There you are. Science Fiction. Fantasy. Is there a difference, really? And if you like one, do you like the other? I’d love to know. So the floor’s open. Feel like telling me?


Kal K.'s picture

I agree with you, the two passages are essentially identical. However, I believe that it is in the wrapping and trappings of the genre that most fans find their highest satisfaction - i.e. one likes to dream of swords, wands, magical castles and dark lords and another loves to dream of hyperspace engines, massive capital ships, science stations, blasters and evil Alien entities. It may feel similar, but in the minds of the fans, the two couldn't be further apart...

Graeme's picture

... Lord Kal!

And my thanks for the comment.

But which, then, are you? Are your dreams of swords and dark lords, or evil Alien entities? :-).

Kal's picture

I think I am 60% fantasy and 40% sci-fi - fan of both, but warlocks, ancient strongholds and dark lords give me a bigger buzz :)

DM's picture

There are times when there are slight differences, but you need both in both types of writing. Sometimes I wonder if some people get caught up with things like Sci Fi is space and Fantasy is make-believe.

Graeme's picture

And I think you're right. Just as there are people who say they 'don't read Romance', say, but get quite engrossed in the interplay between Aragorn and Arwen, or the will-they-won't-they-aren't-they-are-they between Harry and Hermione and Ron in the Potter series.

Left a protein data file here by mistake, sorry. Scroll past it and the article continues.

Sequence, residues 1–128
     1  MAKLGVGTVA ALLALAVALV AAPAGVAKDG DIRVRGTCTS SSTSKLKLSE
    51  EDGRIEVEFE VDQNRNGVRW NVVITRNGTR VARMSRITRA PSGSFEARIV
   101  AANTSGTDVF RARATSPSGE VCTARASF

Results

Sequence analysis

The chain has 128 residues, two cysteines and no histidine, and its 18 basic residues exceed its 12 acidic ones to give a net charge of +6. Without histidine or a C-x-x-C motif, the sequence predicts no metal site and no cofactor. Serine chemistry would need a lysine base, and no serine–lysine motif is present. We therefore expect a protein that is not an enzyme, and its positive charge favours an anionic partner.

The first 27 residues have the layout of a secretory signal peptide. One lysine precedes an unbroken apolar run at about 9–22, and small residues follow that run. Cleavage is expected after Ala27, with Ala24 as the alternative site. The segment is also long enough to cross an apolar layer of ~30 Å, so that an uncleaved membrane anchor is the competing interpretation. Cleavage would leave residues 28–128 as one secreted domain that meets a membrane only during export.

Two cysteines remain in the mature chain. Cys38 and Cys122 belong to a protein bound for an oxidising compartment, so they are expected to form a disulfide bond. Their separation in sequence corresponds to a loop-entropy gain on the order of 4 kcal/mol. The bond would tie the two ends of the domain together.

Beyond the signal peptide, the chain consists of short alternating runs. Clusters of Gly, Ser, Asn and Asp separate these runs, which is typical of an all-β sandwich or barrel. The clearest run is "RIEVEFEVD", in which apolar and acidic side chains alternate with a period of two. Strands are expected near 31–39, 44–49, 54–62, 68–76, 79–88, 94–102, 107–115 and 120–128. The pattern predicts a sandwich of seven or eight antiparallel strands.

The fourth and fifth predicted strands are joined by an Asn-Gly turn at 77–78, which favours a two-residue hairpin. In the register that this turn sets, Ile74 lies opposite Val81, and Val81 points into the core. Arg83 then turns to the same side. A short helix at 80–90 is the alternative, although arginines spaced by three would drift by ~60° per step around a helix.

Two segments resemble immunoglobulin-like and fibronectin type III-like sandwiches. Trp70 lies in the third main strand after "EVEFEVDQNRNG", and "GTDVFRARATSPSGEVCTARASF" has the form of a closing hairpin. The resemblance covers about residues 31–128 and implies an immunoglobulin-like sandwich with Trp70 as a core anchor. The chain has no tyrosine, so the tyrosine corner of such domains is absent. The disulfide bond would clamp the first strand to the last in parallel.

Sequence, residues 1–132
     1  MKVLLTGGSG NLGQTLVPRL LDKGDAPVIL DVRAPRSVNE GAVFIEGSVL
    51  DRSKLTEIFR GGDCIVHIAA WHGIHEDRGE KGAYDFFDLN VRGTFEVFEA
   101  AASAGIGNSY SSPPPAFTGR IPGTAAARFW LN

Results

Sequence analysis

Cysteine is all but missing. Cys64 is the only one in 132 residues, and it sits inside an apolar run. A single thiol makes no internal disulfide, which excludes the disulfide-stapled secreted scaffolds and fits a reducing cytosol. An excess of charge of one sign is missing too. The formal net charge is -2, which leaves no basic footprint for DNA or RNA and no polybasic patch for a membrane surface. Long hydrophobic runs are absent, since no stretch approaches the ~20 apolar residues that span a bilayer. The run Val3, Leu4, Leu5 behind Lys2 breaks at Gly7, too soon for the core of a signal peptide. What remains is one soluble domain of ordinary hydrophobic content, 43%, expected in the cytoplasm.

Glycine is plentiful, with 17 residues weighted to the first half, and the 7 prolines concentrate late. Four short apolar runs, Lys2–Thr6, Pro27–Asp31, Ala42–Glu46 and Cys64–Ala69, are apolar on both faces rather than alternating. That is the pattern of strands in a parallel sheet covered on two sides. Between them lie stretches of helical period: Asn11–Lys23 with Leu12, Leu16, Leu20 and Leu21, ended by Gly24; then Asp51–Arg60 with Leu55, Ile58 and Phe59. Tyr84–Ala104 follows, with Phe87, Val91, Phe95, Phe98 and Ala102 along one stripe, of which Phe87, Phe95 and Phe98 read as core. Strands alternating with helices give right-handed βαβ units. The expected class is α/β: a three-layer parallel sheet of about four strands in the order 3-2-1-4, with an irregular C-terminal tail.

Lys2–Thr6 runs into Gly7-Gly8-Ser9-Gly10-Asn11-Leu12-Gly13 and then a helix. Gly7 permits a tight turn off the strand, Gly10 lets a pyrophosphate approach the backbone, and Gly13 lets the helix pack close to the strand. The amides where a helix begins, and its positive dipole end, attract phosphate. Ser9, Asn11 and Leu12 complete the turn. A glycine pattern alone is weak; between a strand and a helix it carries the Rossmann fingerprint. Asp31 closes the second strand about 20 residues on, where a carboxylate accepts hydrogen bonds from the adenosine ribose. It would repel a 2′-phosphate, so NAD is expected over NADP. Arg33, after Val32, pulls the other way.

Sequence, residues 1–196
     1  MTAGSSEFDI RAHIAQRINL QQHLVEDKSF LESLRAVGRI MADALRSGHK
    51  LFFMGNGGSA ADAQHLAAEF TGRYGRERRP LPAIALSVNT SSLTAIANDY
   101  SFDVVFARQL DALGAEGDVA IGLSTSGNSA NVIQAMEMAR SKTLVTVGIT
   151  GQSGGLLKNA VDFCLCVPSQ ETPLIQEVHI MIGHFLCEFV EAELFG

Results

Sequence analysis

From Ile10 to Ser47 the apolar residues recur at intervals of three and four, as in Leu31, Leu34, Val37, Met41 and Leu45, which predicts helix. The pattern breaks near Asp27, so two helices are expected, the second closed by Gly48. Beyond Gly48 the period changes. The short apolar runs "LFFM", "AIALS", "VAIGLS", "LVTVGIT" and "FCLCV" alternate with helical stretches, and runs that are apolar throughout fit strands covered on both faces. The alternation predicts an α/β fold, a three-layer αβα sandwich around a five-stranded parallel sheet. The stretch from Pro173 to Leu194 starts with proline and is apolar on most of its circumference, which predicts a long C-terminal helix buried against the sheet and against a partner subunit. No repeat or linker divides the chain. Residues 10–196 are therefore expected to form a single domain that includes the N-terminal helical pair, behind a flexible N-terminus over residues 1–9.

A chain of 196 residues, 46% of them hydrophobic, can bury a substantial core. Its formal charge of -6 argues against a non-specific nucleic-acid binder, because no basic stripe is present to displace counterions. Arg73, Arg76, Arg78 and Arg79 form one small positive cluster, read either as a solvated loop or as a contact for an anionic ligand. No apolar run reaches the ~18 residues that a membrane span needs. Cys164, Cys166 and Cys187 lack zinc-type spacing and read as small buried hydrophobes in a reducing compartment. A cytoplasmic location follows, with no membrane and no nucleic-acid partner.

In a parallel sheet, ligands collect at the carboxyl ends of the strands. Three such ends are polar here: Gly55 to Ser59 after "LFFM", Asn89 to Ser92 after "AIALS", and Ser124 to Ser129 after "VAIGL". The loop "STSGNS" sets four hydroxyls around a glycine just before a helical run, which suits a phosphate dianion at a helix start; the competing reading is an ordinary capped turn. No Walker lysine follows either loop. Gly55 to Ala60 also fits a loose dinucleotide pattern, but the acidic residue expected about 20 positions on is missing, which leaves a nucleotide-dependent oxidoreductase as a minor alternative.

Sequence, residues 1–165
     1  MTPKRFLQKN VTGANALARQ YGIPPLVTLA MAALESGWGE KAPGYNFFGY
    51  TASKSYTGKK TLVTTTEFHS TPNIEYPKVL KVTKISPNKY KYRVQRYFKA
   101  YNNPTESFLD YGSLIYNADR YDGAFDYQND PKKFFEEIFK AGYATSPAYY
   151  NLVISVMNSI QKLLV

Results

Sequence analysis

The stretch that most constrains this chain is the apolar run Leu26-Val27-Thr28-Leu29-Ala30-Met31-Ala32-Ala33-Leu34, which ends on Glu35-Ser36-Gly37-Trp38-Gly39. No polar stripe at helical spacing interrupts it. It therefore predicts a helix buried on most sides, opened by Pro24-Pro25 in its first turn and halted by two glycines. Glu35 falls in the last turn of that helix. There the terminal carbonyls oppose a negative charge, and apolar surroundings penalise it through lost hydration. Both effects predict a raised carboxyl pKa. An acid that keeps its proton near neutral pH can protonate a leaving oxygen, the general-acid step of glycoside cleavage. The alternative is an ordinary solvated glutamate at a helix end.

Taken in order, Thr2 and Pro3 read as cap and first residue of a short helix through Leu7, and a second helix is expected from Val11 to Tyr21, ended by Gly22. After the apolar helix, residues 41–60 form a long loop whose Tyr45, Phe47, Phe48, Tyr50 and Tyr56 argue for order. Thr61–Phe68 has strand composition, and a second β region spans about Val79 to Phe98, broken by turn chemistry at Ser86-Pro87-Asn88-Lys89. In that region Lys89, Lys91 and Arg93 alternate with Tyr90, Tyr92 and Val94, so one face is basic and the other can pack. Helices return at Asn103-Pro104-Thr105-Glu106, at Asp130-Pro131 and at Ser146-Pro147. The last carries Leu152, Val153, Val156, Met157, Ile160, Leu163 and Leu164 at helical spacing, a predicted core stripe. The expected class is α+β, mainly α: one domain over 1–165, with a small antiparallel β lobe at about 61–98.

Genre recognition is a bit like labeling. It can be important, but it can also be limiting :-).

Fiona 's picture

Oh, Sir Graeme, you're such a fantastic scientific wizard with alien tendencies. I doff my pointed hat and bow to you with a flourish of my wand.

Graeme's picture

... Lady Fiona :-). And how fares the matter of the Mists?

Such words from a seanachie of your calibre are honour indeed!

Oh - and notice how I carefully avoided the whole 'flourishing wand' line. I wouldn't be anting to make anyone blush, now! :-P.

Jen's picture

I enjoy both very much, although I would say I lean more towards fantasy. I agree, however, that labels can be very limiting indeed. Since I got into the amazing world of book blogging, I have been pleasantly surprised to read many different types of books and have liked most, if not all of the ones I have read and reviewed. It really depends on if it is a good story, then it doesn't matter what genre or label it has. In regards to the comment about "not reading romance", I also do not like to say I like "romance novels", but I am talking about more of the overly sentimental romance section you see in the bookstore with the muscular man on the horse and the lady with long hair in a dress. I don't like stereotypes in books. But I can definitely get caught up in a romance. I prefer to have other things going on as well, though. I want the characters to be unique and whatever their fight is, I need to feel as if I am a part of it. It has to be important and it has to mean something to me.
Check out my site below if you'd like to see the different books I have been reviewing!